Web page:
At Camp WILD a team of students and professors helped at-risk boys discover their potential through challenging outdoor experiences.
Peanut buckles up his bright orange life jacket and yellow helmet as he stands next to a large yellow raft. His task for the day will be to help guide four of his peers through some of the whitewater rapids of Idaho’s Salmon River, nicknamed “The River of No Return” by Lewis and Clark.
Nereo, who likes to be called Peanut, is 14 years old; his family moved to Utah from Argentina four years ago. He has buzzed brown hair, tan skin, and a toothy smile. He is shorter than many of his peers, but his swagger gives him an aura of teenage invincibility. Nonetheless, as he picks up his paddle and climbs into the back of the boat, he appears nervous and is quieter than usual. Today he will be responsible for keeping the boat on course and telling the other boys in the boat which direction to paddle—including when the group goes through Pine Creek, the first and largest of the rapids the boys will face for the day. He has helped paddle through the rapid three times already during the week, but he has never been in charge.
As the boat begins drifting down the glassy water on the hot July morning, Peanut asks Matthew A. D’Haenens, ’04, an experienced river guide who is sitting in the back of the boat with him, “I can’t do Pine Creek. Right? I can’t, can I?”
D’Haenens smiles. “Sure you can. I’ll help you, but you’re in charge. And you can do it.”
Aside from giving a few paddling directions during the next hour, Peanut is fairly quiet. The boat soon approaches the familiar bridge that marks the beginning of Pine Creek and starts picking up speed. Peanut, eyes wide, pauses for a moment and says quietly, “I don’t think I can do it.”
D’Haenens, paddling harder, responds, “You can do it, man. I know you can. Watch the current, stay left, and use your paddlers. You’ll be great.”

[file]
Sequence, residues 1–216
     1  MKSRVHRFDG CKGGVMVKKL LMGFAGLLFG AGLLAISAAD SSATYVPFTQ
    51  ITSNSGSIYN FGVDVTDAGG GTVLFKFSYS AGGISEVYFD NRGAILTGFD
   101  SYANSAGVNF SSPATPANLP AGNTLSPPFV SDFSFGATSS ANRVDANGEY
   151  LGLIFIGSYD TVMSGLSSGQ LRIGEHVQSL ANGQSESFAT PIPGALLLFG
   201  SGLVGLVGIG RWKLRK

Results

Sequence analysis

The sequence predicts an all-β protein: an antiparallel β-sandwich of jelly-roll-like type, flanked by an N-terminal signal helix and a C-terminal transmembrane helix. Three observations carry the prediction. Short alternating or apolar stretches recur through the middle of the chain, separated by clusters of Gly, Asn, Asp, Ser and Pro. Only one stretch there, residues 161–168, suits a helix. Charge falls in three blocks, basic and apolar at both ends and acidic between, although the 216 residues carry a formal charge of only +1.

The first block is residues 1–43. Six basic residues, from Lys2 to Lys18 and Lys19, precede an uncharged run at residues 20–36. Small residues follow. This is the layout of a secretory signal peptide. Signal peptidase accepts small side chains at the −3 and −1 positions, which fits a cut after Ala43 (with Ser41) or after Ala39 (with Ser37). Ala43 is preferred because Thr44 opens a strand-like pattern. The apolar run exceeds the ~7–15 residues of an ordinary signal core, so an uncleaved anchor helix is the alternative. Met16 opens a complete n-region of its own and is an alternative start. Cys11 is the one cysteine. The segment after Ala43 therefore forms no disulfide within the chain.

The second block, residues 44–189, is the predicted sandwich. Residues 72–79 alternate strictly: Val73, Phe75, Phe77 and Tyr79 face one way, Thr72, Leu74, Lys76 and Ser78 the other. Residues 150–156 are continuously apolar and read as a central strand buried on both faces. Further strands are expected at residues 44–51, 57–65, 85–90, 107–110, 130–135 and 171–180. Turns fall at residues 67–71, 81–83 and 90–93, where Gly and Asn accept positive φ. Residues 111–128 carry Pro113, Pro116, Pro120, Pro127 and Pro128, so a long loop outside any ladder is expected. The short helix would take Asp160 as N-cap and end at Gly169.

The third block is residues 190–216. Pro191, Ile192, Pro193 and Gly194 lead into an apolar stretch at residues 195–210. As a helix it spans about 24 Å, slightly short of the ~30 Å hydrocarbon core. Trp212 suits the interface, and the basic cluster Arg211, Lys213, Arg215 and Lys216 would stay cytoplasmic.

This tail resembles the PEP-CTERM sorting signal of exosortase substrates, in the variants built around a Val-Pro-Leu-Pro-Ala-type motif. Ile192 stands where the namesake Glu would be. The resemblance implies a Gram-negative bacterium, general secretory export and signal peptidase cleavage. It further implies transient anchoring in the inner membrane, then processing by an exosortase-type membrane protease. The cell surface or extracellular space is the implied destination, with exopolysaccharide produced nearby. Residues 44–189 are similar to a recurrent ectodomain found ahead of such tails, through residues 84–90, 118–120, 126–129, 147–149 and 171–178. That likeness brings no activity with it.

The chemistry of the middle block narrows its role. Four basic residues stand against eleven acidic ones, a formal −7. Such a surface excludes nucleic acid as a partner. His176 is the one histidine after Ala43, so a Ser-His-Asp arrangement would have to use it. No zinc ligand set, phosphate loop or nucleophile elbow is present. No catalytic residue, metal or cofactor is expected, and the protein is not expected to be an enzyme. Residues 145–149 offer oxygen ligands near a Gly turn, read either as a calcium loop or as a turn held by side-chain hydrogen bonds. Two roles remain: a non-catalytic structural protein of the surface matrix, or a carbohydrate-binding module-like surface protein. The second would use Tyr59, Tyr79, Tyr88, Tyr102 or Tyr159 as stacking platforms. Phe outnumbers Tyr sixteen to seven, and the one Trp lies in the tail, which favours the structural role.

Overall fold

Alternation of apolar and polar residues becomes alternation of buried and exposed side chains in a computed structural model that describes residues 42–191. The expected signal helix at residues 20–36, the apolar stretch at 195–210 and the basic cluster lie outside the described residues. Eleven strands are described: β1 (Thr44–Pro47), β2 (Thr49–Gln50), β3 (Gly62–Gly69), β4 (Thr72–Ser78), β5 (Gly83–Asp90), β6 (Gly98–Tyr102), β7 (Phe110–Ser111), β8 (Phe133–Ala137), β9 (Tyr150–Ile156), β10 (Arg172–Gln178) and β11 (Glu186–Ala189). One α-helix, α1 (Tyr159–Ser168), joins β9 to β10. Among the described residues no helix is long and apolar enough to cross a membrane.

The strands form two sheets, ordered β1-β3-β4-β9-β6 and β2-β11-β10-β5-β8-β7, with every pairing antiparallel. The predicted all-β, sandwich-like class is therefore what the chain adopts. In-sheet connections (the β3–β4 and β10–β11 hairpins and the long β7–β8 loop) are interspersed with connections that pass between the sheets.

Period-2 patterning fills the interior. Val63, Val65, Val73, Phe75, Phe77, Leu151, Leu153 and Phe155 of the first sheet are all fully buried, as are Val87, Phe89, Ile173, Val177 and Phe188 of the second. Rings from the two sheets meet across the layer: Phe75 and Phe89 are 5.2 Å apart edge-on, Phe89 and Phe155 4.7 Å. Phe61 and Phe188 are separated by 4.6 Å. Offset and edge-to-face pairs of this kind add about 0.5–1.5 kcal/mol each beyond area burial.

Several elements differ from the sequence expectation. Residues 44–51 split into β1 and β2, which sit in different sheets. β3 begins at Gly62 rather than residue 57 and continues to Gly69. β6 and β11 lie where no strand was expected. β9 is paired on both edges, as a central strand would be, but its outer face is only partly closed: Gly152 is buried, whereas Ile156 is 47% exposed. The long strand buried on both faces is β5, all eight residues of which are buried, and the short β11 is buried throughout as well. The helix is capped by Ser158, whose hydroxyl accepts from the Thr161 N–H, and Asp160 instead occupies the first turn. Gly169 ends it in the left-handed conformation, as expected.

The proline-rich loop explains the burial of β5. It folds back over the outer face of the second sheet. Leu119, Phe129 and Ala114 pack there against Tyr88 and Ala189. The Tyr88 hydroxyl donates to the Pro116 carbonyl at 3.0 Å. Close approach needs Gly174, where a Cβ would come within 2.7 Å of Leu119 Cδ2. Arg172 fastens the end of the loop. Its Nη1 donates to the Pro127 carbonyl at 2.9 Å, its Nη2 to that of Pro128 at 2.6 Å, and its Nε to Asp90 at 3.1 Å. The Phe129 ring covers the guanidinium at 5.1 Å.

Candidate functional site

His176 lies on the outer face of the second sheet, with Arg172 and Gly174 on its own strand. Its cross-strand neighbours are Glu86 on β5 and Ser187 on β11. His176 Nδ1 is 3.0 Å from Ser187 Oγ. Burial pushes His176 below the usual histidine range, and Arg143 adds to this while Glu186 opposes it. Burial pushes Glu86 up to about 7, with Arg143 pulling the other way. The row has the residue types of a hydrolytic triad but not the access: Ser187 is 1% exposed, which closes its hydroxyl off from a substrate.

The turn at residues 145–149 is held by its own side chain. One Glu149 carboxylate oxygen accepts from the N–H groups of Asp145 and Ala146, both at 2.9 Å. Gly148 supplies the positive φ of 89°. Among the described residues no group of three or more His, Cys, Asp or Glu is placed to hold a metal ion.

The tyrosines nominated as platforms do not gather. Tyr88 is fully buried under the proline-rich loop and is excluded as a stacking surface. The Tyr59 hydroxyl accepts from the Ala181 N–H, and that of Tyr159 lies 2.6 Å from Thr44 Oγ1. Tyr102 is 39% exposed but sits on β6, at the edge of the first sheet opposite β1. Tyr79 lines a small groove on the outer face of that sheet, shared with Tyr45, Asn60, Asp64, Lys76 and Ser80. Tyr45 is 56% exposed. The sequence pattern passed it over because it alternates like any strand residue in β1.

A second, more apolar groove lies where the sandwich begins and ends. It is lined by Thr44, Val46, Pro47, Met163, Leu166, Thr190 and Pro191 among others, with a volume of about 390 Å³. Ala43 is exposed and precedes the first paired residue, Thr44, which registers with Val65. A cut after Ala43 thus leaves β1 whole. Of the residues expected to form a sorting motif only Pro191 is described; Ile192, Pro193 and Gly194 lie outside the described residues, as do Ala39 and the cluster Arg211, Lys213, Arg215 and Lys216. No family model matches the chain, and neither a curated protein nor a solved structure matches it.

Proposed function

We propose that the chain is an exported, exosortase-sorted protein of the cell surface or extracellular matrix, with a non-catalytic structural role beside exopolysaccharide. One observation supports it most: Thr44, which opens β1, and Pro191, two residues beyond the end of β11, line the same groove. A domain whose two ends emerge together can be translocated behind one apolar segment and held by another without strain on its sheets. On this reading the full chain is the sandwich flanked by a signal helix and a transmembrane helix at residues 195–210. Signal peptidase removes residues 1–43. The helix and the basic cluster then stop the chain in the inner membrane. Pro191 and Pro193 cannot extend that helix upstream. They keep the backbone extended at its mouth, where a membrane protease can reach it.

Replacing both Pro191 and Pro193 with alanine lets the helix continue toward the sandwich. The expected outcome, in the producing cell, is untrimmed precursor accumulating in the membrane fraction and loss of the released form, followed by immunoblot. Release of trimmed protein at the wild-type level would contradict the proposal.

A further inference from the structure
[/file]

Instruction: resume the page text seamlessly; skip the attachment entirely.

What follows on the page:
The boat moves through its first big dip, tilting, splashing the boys in the front of the raft, but not tipping. As it approaches a large rock in the middle of the river, Nereo’s commands come quickly and loudly: “Go right, go right—everybody paddle forward—keep paddling forward—go left.” The boys in the boat listen, paddling hard and fast, managing to avoid the rock and get through the rapid.
At the end of the rapid but before the adrenaline rush has died down, D’Haenens turns to Peanut. “You got us through, man. How do you feel?” Peanut doesn’t hesitate. “Awesome,” he says, grinning as the other boys on the boat cheer for him.
Nereo is one of 27 boys deemed “at risk of becoming at risk” who attended a three-week wilderness instruction and leadership camp in July. Camp WILD (run by the Wilderness Instruction and Leadership Development Foundation), held in Shoup, Idaho, was designed, planned, and carried out primarily by BYU students and professors hoping to study the impact of outdoor recreation on individuals’ perceptions of their own abilities, also known as self-efficacy. Nereo’s experience is just one example of their hypothesis: Give an individual a sufficiently challenging experience, allow him to complete it, and he will then believe himself capable of completing other difficult tasks.
Mark A. Widmer, ’88, associate professor of recreation management and youth leadership, has spearheaded a number of studies involving the power of outdoor recreation to improve efficacy in both individuals and families. So when Mathew D. Duerden, ’04, approached him about setting up and conducting research at a camp for at-risk boys, there was a quick bond. Their shared goal was to give a life-changing experience to boys ages 12 to 15 who, because of such challenges as a learning disability, low self-esteem, or coming from a single-parent or low-income household, might be considered at risk. More specifically, they wanted to see if the boys’ outdoor successes and subsequent improved perceptions of their outdoor abilities would translate into improvements in their perceived abilities in the classroom.
Eventually joining Duerden and Widmer were Stacy T. Taniguchi, ’04, assistant professor of recreation management and youth leadership, and a team of nearly 30 energetic BYU student volunteers. The team, headed by Duerden and his wife, Chenae Christensen Duerden, ’03, spent close to a year planning a camp that would involve backpacking and outdoor skills, whitewater rafting, and wildlife identification—all with the aim of providing challenging activities that would raise the boys’ perceptions of their capabilities.